In a nutshell
This study looked at the benefit of injecting a steroid pellet into the eye during cataract surgery in patients with diabetic eye disease. They found that steroid injections reduced the risk of complications in patients with diabetic eye disease.
Patients with diabetes often suffer from fluid in the back of the eye, known as diabetic macular edema (DME). This is a complication of diabetes. This can be worsened by cataract surgery. Injecting a steroid into the eye may help to reduce the risk of worsening DME. The steroid injection used is called dexamethasone (Ozurdex). It is injected into the jelly of the eye as a pellet. It then dissolves and slowly releases the steroid into the eye over several months.
A cataract is a condition that commonly develops in the eyes as people age. It is caused by a clouding of the normally clear lens in the eye and causes clouded vision. It often needs surgery for the replacement of the lens in the eye. Cataract surgery may be risky in patients with diabetes. It is unclear if injecting dexamethasone into the eye improves outcomes in diabetic patients undergoing cataract surgery.
Methods & findings
This study looked at 24 eyes of 21 patients with DME. Each of these eyes underwent cataract surgery with the same surgeon. A dexamethasone injection was administered at the end of the operation. Patients were then followed for three months and had tests at 2 weeks, 1 month, and 3 months. These tests checked their vision and checked for any swelling of the retina which would indicate worsening of the DME.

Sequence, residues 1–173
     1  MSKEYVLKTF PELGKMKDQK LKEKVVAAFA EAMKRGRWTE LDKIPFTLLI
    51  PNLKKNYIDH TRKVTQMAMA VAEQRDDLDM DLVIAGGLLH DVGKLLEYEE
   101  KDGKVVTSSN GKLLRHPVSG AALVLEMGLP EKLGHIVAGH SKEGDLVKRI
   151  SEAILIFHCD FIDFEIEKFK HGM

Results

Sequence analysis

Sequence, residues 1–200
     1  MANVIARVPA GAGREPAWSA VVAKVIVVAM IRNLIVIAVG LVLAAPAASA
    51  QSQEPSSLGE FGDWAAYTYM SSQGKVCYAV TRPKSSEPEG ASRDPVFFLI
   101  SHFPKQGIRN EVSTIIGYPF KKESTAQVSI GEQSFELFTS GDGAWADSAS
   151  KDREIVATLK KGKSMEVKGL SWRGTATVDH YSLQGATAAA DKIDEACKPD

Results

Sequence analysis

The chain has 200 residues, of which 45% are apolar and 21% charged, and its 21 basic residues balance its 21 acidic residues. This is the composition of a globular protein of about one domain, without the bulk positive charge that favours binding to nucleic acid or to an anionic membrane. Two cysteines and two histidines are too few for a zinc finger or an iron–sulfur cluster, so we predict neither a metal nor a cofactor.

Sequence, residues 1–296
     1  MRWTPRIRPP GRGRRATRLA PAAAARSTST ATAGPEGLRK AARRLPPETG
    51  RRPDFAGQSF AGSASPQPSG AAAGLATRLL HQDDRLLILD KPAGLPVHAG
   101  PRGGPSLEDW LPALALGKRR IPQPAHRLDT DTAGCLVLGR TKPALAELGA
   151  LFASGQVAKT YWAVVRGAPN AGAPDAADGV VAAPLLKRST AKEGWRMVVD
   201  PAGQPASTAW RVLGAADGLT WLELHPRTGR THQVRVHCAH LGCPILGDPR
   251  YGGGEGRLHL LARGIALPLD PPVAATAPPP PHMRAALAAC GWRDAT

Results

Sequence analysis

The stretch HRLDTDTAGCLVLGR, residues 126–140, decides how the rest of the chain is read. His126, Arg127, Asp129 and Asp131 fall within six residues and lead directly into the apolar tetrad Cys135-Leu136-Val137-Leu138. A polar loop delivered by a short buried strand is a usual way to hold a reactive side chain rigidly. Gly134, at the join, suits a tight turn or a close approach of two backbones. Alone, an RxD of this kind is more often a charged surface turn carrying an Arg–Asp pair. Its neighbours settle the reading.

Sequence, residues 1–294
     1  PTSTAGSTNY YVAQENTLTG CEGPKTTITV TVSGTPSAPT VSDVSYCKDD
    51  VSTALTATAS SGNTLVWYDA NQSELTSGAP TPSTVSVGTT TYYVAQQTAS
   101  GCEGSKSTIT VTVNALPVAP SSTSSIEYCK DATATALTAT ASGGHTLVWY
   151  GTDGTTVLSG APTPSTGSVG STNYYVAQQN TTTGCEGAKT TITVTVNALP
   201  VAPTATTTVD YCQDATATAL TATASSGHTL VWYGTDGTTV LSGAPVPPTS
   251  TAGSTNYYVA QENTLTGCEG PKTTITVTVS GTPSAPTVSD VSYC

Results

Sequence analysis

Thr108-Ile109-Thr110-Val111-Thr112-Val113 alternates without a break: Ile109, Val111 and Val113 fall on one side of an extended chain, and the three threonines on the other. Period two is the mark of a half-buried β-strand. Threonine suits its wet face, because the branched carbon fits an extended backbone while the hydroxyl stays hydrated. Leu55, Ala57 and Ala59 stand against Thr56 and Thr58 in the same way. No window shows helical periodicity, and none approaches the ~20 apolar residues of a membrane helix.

70.8% of the eyes achieved a reduction in DME of at least 20%. 66.6% achieved an improvement in vision equivalent to at least one line of letters on the vision chart after 1 month. At 3 months, 95.8% of the eyes had a stable vision.
16.7% of the eyes developed increased eye pressure due to the injection but this was controlled with eye drops. No other side effects were reported.
The bottom line
This study concluded that steroid injections at the time of cataract surgery may improve the outcome in patients with diabetic eye disease.
The fine print
This is a small study, based on medical records. Some information might have been incomplete. More research is needed.
Published By :
Advances in therapy
Sep 24, 2020
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